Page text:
Though the security field is rapidly assimilating promising technologies, such as machine learning and analytics, cyber incidents are not going away. In fact, they’re more prominent and dangerous than ever. A certain amount of risk is inevitable and necessary to conduct business in a world that is still highly reliant upon trust. But, with the average cost of a data breach totaling $3.86 million, organizations can no longer afford to ignore such a glaring issue.
Third-party cyber risk incidents are costly and often avoidable. Organizations that fail to take thoughtful steps to monitor, defend, and prepare for third-party cyber incidents undermine their cybersecurity posture. But how do organizations know what to do and if their strategy for controlling these risks is robust enough to keep them safe?
82% said third-party threats present the most significant risk for exposure. Even though many organizations recognize the hazards posed by third parties, their actions don’t reflect effective mitigation.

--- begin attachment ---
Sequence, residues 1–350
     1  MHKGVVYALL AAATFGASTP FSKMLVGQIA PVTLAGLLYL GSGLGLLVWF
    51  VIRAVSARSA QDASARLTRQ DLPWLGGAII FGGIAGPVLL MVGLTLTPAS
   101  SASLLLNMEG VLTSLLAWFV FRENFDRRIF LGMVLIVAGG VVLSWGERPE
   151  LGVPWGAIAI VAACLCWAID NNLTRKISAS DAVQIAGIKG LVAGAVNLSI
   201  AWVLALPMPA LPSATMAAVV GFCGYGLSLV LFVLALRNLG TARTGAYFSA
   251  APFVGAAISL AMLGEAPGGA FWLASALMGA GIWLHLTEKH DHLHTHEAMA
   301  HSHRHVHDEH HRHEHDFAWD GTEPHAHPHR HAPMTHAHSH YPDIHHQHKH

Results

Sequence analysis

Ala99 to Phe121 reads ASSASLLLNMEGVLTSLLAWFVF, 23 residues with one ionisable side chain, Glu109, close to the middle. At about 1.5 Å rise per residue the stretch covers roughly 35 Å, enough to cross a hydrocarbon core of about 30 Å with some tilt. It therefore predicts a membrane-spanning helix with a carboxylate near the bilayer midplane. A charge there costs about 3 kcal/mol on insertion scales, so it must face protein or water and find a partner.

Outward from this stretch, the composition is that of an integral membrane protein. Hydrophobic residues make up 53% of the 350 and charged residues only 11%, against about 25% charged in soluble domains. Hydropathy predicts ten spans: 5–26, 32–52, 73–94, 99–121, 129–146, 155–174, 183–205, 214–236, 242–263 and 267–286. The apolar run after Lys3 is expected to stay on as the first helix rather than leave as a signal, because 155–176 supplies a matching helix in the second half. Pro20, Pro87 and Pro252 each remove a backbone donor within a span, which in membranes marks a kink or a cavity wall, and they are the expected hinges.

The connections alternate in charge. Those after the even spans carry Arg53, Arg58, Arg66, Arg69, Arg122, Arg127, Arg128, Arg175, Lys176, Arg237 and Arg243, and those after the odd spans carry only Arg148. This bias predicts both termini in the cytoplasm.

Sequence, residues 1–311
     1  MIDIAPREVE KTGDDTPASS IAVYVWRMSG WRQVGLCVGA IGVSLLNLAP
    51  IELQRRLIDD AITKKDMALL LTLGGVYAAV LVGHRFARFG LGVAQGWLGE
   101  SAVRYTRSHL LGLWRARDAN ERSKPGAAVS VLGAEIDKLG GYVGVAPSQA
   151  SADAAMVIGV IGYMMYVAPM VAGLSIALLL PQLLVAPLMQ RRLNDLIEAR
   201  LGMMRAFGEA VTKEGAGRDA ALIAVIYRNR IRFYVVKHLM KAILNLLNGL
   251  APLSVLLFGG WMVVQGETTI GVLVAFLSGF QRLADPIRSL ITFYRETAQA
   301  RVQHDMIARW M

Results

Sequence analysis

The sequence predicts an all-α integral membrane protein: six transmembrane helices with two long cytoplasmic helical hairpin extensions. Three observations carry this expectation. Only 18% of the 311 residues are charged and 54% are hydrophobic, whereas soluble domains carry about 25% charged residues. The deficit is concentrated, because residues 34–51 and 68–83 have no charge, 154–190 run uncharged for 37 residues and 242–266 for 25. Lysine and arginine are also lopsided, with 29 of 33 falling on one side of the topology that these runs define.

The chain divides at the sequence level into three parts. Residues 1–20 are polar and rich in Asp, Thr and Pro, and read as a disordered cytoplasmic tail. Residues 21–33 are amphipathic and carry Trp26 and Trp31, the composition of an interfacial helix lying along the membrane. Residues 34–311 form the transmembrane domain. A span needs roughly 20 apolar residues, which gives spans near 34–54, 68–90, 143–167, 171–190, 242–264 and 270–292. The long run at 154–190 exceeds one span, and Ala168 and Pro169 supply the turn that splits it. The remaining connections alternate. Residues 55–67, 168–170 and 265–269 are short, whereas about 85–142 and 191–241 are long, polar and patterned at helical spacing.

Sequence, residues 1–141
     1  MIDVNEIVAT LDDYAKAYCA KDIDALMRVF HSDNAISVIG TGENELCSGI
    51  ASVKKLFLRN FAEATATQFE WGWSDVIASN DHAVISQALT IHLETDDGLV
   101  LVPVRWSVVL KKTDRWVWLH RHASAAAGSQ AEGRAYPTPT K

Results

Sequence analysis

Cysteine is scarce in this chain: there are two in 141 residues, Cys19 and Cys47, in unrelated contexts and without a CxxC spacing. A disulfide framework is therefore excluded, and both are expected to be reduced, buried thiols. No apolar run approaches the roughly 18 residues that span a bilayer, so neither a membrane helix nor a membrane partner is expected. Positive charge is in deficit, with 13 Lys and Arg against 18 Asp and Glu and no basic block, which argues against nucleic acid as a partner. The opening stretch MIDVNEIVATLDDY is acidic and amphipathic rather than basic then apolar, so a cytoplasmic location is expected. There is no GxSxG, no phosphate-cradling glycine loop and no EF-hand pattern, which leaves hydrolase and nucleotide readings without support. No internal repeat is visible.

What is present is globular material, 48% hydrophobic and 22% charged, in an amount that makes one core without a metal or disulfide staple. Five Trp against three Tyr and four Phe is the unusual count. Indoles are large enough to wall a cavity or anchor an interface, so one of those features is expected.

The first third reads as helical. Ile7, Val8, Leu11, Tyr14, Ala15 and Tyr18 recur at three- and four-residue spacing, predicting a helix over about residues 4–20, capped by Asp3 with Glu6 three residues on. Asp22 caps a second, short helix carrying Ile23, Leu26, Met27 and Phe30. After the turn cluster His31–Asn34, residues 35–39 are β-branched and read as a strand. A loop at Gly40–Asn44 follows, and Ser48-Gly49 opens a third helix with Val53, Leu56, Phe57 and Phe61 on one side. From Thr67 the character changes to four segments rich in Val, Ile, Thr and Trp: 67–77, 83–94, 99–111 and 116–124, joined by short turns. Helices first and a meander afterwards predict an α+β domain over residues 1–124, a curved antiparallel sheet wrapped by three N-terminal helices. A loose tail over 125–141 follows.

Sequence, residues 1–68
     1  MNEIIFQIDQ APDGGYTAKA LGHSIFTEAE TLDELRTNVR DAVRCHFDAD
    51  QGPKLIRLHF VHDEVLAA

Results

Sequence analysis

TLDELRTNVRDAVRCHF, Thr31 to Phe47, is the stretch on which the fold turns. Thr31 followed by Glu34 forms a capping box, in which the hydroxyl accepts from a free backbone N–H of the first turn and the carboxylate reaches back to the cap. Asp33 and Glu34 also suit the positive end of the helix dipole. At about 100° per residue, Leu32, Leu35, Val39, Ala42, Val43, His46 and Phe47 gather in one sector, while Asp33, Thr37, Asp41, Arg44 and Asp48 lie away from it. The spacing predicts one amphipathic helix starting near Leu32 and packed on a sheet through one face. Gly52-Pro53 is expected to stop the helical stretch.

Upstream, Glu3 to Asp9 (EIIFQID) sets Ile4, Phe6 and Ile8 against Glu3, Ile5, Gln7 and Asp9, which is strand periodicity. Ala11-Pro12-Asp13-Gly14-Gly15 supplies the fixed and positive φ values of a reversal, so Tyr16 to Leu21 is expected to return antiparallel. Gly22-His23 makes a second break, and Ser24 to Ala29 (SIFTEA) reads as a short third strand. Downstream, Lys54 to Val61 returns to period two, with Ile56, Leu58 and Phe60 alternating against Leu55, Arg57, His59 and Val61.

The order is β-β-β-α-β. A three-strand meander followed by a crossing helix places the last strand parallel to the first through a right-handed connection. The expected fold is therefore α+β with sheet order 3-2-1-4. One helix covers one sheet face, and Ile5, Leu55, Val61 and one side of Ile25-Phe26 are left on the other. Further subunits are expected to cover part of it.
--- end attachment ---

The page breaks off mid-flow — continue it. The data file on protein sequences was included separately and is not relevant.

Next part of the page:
In surveying 319 IT security and risk management decision-makers, we found that 82% said third-party threats present the most significant risk for exposure. Even though many organizations recognize the hazards posed by third parties, their actions don’t reflect effective mitigation. We also found that:
Less than half of organizations actively prioritize third-party risk management strategies. While organizations proactively update their own security practices, only about half of respondents said their organizations consciously make improvements to the way they manage third-party risks. Lacking a defined third-party risk management strategy creates the opportunity for a breach, even if internal risk management strategies are otherwise solid and effective.
Organizations share large amounts of critical data with third parties. As if hackers needed more reason to attack, respondents reported sharing almost a third of their organization’s critical data, which is data that’s considered essential to the organization’s mission, with various third parties. Critical data may include customer information, sales data, or other forms of intellectual property. The percentage is expected to rise to 41% over the next five years, which makes prioritizing third-party risk even more important to prevent data from falling into the wrong hands.
Lacking a defined third-party risk management strategy creates the opportunity for a breach, even if internal risk management strategies are otherwise solid and effective.